As for a = np.arange(24).reshape(2,3,4)
a[0,:,1]
or a[0,slice(None),1]
outputs array([1, 5, 9])
while a[0,None,1]
gives array([[4, 5, 6, 7]])
Could sb explain the latter?
Using a raw None
(not in slice
) is the same thing as using np.newaxis
, of which it is but an alias.
In your case:
a[0,None,1]
is like a[0,np.newaxis,1]
, hence the outputslice(None)
is like "slice nothing", which is why a[0,:,1]
is the same as a[0,slice(None),1]
. See numpy's Indexing doc. np.newaxis
is literally meaningful and I neglected it's equivalent to None
...
None
. - a[0,1,None] = a[0,1,:][None] = array([[4, 5, 6, 7]])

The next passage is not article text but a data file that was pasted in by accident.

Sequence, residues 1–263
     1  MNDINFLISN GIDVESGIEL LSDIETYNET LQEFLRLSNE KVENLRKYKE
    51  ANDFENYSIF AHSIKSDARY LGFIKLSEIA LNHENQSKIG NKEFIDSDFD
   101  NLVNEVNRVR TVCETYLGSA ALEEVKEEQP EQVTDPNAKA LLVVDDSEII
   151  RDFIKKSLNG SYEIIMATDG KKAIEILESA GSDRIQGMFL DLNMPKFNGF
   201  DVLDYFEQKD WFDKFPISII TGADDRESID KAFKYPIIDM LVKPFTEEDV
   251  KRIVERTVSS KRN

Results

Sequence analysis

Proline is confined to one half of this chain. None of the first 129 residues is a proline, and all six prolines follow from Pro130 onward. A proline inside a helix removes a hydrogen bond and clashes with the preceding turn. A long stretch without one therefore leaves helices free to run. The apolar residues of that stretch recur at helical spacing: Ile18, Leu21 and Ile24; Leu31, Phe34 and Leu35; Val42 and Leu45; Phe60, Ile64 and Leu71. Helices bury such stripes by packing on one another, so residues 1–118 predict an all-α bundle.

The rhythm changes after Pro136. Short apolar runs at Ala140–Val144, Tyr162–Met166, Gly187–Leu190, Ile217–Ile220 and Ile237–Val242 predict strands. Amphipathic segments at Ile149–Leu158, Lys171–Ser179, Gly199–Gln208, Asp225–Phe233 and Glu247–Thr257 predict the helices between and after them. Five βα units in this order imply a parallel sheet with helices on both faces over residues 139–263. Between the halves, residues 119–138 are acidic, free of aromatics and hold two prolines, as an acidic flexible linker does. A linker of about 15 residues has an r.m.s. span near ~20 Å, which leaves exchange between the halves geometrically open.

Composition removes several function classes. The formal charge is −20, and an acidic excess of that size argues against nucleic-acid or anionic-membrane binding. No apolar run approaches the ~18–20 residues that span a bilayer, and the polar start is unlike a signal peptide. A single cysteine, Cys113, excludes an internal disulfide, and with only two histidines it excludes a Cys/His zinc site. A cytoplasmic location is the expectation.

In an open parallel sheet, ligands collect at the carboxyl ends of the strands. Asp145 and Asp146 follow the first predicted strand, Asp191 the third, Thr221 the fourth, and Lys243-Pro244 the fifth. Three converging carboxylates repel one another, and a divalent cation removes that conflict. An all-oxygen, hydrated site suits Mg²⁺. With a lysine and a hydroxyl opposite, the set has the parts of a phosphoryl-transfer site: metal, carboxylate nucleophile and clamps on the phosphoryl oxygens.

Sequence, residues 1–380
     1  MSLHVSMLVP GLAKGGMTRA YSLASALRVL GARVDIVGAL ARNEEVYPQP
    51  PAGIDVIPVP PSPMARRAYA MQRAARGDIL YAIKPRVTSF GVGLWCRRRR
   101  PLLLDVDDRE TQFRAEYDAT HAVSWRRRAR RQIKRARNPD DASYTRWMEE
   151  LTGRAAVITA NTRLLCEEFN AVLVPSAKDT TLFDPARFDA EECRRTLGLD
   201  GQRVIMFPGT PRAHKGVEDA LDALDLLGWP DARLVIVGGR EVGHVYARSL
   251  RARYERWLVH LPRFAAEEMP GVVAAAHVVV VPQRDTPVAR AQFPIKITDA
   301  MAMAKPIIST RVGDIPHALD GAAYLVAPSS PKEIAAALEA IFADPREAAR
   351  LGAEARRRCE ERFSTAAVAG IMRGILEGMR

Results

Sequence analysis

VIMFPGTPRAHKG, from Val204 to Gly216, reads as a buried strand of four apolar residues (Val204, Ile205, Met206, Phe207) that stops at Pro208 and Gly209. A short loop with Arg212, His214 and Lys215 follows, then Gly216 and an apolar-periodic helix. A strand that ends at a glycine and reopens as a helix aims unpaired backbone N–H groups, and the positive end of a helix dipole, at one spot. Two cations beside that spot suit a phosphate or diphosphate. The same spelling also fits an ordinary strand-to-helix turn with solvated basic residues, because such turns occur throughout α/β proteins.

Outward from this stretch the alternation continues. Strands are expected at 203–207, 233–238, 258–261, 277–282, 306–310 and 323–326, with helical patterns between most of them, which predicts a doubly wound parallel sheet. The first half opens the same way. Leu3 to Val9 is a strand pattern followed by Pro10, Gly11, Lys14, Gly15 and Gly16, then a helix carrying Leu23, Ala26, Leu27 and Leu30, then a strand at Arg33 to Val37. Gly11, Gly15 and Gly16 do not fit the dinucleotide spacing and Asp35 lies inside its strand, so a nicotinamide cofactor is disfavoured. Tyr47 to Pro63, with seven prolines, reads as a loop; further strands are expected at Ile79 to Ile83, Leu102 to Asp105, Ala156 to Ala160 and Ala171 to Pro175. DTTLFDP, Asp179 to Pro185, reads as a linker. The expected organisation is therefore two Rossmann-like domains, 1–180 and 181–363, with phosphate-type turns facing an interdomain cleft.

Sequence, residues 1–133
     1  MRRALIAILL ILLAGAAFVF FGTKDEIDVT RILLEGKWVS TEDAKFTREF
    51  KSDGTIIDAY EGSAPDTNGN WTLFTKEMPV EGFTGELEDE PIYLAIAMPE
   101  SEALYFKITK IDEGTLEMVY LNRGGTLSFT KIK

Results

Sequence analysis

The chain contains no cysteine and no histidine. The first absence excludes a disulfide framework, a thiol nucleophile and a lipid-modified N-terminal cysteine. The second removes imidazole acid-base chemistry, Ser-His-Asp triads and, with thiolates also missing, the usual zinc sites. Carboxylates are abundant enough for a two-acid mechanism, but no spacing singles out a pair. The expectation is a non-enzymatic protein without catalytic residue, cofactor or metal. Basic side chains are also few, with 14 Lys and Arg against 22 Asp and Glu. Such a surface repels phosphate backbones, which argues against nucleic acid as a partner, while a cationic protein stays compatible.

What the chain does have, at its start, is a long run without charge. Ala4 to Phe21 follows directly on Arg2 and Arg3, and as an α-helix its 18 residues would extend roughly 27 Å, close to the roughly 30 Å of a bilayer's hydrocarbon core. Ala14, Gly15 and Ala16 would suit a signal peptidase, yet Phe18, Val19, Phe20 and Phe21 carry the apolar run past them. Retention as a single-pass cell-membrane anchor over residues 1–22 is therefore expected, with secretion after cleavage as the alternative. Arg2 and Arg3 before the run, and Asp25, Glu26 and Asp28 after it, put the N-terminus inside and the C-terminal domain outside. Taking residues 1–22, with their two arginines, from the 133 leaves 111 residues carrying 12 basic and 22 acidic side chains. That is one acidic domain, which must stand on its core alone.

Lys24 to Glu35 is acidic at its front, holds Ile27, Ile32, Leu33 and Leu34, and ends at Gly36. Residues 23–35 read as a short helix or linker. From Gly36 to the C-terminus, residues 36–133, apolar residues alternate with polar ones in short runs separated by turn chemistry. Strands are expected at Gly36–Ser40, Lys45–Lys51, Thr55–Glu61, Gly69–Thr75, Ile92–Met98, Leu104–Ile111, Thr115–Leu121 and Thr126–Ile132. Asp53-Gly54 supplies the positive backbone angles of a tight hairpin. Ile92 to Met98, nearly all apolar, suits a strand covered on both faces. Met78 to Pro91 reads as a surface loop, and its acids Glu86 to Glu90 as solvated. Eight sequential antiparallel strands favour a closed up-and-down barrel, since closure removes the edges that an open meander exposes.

- `a[0,None,1] = a[0, None][:,1] = array([[[ 0, 1, 2, 3], [ 4, 5, 6, 7], [ 8, 9, 10, 11]]])[:,1] = array([[4, 5, 6, 7]])
a[0,None,1]
is the same as a[0, 1]
but with an extra axis in the result.
The
newaxis
object can be used in all slicing operations to create an axis of length one.:const: newaxis
is an alias for‘None’
, and‘None’
can be used in place of this with the same result.
So a[0,None,1]
is the same as a[0,np.newaxis,1]
In this case, where None
is placed is not of relevance, but every None
adds a new axis.
>>> a[0,None, 1]
array([[4, 5, 6, 7]])
>>> a[None,None,0,1]
array([[[4, 5, 6, 7]]])
>>> a[0,np.newaxis,1]
array([[4, 5, 6, 7]])
None
just adds a new []
Jul 5, 2016 at 16:53
2.7.12 |Anaconda 2.3.0 (64-bit)
. I confirmeda[0,None,1]
again. And to guys who downvoted, could you give some comments?a
into a tuple.a[0,None,1]
outputing a 2D array. Looks so wired...